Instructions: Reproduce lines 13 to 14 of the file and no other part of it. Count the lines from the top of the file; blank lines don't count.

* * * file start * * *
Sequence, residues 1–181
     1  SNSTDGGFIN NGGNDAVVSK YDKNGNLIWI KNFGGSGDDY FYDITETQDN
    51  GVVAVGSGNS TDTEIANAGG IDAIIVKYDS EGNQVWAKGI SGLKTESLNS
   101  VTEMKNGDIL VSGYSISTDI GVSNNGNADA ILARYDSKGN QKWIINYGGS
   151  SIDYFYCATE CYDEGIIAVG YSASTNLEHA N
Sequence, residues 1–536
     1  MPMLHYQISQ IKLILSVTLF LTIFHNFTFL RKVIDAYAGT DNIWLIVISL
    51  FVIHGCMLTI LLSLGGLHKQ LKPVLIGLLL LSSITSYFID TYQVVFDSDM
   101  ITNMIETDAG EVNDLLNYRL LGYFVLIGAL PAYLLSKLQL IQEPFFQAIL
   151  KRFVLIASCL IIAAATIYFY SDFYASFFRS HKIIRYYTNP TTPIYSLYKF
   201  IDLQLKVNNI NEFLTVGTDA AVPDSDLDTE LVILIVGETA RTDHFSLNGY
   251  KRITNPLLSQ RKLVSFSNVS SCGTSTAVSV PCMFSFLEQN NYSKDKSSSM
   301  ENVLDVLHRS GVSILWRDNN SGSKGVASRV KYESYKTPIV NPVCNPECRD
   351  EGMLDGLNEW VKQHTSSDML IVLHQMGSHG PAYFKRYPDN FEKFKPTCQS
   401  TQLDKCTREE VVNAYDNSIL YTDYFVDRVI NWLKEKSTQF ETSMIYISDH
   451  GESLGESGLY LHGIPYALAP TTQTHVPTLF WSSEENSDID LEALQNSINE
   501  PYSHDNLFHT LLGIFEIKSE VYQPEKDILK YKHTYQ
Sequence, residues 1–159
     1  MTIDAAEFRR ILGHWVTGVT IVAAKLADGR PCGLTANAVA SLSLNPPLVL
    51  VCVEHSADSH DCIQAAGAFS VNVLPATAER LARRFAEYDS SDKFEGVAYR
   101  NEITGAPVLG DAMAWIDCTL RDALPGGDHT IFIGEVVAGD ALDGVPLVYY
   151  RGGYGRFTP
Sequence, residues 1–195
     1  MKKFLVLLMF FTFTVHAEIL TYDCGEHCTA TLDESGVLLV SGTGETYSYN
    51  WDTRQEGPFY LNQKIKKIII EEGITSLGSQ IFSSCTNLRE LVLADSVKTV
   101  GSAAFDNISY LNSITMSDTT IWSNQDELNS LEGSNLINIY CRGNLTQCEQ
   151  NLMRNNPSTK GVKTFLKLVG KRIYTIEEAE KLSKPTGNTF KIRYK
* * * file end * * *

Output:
   301  ENVLDVLHRS GVSILWRDNN SGSKGVASRV KYESYKTPIV NPVCNPECRD
   351  EGMLDGLNEW VKQHTSSDML IVLHQMGSHG PAYFKRYPDN FEKFKPTCQS